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The Free Farm: A Novel
     

The Free Farm: A Novel

by Larry Smith
 

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Fiction. In this sequel to THE LONG RIVER HOME, the characters move on into the turbulence and idealism of the late 1960s and early 1970s on an Appalachian farm commune.

"Forbidden love. Counter-culture. The shadow of Vietnam. Sexual revolution. Social unrest. Marijuana and LSD. In this intriguing coming-of-age novel by Larry Smith, THE FREE FARM, we journey

Overview


Fiction. In this sequel to THE LONG RIVER HOME, the characters move on into the turbulence and idealism of the late 1960s and early 1970s on an Appalachian farm commune.

"Forbidden love. Counter-culture. The shadow of Vietnam. Sexual revolution. Social unrest. Marijuana and LSD. In this intriguing coming-of-age novel by Larry Smith, THE FREE FARM, we journey back to America's turbulent late 60s and early 70s.... Smith provides a unique window into Lee's young life that is driven by idealism, love of Emerson and Thoreau, and devotion to his beautiful partner, who practices Zen, meditates, and can fix cars.... In this realistic yet often surprising and tender novel, a quoted line from 'The Waking' by Theodore Roethke serves as a guidepost: 'I wake to sleep, and take my waking slow / I feel my fate in what I cannot fear / I learn by going where I have to go.'"
—Laura Treacy Bentley, author of LAKE EFFECT

Editorial Reviews

From the Publisher

Forbidden love. Counter-culture. The shadow of Vietnam. Sexual revolution. Social unrest. Marijuana and LSD. In Larry Smith’s intriguing coming-of-age novel, The Free Farm, we journey back to America’s turbulent late 60s and early 70s. Lee McCall leaves his Ohio Valley steel mill town to attend Ohio University, but the going isn’t easy as he takes classes, works to support himself, and tries to form a utopia--a free living commune or "an adventure in group living" in an Appalachian farmhouse. Smith provides a unique window into Lee’s life that is driven by idealism, love of Emerson and Thoreau, and devotion to his beautiful partner, Sharon, who practices Zen, meditates, and can fix cars. Between college life and work, the troubles of his family back home, and the challenges of his new communal family, Lee evolves from a boy who left "a golden time when the world seemed safe and right" to a man with a global vision who needs to stand for something, embrace his destiny, and know where his real home lies. In this realistic yet often surprising and tender novel, a quoted line from "The Waking" by Theodore Roethke may serve as our guidepost: "I wake to sleep, and take my waking slow/I feel my fate in what I cannot fear/I learn by going where I have to go."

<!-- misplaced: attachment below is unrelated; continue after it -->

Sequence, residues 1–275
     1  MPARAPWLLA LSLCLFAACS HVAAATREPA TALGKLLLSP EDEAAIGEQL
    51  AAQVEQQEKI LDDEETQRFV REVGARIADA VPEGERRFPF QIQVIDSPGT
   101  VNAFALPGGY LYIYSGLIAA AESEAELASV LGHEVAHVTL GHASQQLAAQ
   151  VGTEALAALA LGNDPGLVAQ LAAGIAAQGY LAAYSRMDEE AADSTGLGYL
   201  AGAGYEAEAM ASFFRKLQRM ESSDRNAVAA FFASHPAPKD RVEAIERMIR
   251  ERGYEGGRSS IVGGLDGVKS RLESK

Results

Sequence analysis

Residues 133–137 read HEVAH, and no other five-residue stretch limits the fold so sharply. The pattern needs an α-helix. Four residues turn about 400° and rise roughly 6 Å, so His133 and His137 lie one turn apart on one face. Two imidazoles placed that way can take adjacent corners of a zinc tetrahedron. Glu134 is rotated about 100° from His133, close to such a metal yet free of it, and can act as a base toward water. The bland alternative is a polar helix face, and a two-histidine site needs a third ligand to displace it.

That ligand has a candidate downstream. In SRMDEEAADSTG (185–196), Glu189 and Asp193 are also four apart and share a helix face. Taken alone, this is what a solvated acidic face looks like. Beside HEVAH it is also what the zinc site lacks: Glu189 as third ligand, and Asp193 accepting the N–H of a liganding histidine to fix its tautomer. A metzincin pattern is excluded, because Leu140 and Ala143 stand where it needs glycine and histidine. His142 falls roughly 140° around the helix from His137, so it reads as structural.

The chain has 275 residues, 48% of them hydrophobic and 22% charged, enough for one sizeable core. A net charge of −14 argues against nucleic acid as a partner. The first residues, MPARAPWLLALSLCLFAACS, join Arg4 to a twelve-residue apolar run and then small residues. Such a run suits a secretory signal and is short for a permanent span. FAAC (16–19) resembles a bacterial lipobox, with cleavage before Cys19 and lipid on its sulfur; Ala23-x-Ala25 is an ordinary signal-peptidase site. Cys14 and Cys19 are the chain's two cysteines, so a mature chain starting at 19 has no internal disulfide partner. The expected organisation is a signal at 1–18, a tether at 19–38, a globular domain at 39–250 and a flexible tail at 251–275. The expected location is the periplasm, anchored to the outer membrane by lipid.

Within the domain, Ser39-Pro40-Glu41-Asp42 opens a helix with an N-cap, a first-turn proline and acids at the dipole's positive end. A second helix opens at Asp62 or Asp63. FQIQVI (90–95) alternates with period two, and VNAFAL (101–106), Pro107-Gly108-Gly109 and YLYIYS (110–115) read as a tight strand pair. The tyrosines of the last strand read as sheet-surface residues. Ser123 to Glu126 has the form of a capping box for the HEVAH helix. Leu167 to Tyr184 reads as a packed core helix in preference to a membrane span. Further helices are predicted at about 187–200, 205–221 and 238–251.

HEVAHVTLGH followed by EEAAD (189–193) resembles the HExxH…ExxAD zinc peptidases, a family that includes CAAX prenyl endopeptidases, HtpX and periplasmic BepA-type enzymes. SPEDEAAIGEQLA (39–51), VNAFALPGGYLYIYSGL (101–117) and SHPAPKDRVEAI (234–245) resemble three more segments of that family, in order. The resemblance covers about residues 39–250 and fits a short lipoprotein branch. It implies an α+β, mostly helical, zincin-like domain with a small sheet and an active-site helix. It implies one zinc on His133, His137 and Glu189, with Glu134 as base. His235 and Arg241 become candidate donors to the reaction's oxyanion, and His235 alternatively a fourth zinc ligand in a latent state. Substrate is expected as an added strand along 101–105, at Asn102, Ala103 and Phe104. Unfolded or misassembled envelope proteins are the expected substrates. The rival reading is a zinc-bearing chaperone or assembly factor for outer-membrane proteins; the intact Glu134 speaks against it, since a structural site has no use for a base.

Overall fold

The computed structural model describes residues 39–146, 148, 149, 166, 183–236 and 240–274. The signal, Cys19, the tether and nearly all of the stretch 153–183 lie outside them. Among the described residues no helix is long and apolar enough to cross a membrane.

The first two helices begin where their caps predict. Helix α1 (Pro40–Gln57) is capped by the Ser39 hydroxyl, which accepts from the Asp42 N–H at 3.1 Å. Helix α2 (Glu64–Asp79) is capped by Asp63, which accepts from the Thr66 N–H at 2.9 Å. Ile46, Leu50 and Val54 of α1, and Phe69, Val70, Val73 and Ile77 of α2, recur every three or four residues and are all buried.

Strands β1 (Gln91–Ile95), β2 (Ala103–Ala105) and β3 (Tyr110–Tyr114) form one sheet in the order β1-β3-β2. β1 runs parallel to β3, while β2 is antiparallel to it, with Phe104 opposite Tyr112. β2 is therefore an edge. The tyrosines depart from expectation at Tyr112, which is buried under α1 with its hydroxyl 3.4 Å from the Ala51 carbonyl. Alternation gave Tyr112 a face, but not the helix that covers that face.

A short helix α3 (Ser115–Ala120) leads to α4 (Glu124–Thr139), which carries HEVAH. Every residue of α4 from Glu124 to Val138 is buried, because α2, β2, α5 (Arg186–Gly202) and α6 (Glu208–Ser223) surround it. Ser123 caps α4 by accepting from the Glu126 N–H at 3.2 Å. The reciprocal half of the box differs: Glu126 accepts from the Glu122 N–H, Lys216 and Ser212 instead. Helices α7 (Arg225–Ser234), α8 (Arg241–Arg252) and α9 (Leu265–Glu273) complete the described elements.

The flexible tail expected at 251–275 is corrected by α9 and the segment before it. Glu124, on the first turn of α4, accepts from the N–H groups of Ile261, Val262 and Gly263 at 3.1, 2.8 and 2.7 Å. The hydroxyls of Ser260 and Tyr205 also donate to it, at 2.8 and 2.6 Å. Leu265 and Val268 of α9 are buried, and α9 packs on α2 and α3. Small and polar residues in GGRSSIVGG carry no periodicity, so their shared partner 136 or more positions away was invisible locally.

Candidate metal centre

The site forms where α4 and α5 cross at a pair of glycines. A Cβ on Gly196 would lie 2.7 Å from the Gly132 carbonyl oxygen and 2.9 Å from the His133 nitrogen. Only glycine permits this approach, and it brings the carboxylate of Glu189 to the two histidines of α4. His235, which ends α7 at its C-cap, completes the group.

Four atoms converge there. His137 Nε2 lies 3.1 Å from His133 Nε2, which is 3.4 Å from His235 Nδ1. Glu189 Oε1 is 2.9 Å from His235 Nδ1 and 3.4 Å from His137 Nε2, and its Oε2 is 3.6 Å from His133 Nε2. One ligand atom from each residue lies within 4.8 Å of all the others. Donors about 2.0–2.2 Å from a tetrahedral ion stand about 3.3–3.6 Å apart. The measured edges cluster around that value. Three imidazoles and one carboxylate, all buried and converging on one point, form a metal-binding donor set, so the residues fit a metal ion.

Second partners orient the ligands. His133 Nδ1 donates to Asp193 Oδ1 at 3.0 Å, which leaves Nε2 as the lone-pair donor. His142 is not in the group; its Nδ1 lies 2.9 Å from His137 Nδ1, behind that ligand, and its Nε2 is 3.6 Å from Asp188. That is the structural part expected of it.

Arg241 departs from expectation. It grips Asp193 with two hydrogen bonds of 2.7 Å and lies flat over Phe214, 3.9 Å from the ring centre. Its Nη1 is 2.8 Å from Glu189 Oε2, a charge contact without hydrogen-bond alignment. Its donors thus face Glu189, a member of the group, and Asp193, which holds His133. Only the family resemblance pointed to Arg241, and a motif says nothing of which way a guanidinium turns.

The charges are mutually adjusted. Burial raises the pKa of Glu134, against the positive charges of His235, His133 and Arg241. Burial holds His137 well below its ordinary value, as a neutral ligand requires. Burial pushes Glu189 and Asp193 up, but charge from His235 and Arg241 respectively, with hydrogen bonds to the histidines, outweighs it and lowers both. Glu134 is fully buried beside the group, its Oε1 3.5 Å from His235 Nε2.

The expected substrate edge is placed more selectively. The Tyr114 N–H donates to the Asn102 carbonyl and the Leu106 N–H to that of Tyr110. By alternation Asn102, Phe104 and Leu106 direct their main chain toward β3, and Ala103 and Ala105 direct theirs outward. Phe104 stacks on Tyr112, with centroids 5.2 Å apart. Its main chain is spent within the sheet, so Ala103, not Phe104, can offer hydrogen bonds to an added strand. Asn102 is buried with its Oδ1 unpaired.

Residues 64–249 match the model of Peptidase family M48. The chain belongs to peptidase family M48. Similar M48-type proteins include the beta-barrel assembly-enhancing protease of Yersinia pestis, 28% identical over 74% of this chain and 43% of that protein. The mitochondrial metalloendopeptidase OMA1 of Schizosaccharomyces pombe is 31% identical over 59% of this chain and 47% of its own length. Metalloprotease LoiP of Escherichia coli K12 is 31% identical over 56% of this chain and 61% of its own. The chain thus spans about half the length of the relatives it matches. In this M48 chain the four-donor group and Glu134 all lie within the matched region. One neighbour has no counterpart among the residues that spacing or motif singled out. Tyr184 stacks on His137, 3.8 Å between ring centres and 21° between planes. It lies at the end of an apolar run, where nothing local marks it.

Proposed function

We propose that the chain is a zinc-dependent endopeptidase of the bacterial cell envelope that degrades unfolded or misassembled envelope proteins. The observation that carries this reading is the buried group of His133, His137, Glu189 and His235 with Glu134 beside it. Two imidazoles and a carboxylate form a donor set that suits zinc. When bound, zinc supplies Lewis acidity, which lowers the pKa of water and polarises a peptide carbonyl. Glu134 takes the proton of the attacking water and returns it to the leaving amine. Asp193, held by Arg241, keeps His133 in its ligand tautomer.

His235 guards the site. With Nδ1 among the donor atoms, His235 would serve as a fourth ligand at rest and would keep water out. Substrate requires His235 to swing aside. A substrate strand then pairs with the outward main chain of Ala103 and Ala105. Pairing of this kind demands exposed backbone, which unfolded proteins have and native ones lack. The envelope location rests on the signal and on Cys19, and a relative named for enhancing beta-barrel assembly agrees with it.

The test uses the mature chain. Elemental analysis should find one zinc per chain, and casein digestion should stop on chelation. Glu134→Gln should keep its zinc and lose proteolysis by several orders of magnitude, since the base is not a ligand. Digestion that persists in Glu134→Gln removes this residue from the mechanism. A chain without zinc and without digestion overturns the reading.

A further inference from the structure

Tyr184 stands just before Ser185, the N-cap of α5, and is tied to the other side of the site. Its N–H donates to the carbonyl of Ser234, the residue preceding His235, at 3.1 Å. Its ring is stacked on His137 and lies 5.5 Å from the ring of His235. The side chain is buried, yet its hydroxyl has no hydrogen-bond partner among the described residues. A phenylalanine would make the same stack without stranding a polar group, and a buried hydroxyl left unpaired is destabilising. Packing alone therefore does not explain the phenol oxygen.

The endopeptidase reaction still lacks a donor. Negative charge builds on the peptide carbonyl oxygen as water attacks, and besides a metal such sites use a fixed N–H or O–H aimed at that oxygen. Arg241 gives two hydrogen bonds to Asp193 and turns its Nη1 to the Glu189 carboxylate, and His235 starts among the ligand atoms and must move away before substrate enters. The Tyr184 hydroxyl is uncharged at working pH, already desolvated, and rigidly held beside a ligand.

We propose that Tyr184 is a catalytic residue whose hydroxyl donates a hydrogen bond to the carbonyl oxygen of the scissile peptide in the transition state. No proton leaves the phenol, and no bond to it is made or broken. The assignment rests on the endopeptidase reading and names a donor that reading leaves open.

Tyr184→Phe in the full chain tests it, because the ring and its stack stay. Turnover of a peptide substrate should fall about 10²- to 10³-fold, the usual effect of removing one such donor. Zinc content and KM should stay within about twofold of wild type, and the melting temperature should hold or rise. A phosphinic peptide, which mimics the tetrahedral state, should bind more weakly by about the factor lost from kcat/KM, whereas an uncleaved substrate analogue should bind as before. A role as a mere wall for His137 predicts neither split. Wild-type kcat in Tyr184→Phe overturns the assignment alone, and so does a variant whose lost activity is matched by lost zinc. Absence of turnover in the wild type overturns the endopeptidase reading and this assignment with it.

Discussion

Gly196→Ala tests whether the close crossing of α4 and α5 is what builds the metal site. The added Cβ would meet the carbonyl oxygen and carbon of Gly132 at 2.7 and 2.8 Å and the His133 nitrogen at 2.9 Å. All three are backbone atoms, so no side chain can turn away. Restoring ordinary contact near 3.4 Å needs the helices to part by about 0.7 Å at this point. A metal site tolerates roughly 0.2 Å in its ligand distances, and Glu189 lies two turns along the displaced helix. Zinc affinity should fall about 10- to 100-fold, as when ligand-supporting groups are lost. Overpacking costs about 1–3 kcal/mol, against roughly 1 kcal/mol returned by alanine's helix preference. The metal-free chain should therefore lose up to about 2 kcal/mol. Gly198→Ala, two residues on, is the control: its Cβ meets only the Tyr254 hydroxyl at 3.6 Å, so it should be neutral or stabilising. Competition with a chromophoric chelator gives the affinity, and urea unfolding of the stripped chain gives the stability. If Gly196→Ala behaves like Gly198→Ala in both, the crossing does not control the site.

~ Laura Treacy Bentley, author of Lake Effect

"Larry Smith's THE FREE FARM is both a novel and a romance about the hard truth of family and the ways we discover the nature of who we are by whom and what we love. Written in a strong, sensitive but never sentimentalizing voice, Smith has penned a kind of spiritual being-of-age novel, while still providing a clear-eyed look at a turbulent, fascinating era of the American experience."

- Charles Dodd White, author of Lambs of Men and Sinners of Sanction County

Product Details

ISBN-13:
9781933964508
Publisher:
Bottom Dog Press
Publication date:
10/08/2011
Pages:
306
Sales rank:
985,388
Product dimensions:
5.50(w) x 8.50(h) x 0.90(d)

Read an Excerpt


From Chapter One